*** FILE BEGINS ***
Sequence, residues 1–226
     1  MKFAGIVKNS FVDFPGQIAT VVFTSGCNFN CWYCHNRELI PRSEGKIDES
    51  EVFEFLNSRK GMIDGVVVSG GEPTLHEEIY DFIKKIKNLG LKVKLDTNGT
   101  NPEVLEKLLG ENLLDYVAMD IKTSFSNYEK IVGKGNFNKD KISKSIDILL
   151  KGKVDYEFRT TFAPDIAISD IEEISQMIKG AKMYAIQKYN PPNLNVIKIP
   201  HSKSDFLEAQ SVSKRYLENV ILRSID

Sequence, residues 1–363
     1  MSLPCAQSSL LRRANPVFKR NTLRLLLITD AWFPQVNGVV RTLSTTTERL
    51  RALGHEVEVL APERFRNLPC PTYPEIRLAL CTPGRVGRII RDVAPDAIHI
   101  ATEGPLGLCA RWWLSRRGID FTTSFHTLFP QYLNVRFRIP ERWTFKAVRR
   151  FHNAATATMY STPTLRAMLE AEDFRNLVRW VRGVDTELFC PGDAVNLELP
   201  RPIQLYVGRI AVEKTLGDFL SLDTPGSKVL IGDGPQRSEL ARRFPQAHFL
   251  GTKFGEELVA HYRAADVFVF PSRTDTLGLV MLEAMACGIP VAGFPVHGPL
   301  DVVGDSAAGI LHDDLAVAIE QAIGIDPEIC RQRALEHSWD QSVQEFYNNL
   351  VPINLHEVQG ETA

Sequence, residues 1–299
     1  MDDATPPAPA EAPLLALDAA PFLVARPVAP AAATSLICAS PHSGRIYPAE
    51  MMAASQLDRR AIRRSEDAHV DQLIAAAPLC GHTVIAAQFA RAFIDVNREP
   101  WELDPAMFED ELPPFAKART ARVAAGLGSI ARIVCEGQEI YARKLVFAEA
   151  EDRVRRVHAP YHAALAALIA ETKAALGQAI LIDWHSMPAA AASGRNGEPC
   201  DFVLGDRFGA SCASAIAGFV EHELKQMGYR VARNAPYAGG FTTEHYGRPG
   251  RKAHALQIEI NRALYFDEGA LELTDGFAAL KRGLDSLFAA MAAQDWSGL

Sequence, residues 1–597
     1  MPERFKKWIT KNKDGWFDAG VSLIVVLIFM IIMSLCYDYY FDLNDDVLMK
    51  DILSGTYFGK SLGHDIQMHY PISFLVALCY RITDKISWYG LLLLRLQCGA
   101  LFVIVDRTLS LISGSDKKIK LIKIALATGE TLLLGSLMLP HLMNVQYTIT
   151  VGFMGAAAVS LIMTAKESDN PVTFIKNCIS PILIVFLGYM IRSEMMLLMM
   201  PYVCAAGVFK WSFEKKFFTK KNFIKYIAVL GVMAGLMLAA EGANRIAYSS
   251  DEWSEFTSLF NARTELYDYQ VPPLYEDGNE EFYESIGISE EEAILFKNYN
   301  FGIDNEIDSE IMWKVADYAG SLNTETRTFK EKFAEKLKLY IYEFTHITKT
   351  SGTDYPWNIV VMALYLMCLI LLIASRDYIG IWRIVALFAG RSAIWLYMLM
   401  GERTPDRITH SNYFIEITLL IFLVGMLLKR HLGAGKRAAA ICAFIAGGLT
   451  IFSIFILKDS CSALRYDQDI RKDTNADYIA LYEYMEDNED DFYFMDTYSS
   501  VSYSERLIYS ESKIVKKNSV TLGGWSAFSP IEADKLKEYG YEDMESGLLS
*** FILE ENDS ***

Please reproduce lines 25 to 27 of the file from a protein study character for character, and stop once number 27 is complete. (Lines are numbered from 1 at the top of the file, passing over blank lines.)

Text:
    51  DILSGTYFGK SLGHDIQMHY PISFLVALCY RITDKISWYG LLLLRLQCGA
   101  LFVIVDRTLS LISGSDKKIK LIKIALATGE TLLLGSLMLP HLMNVQYTIT
   151  VGFMGAAAVS LIMTAKESDN PVTFIKNCIS PILIVFLGYM IRSEMMLLMM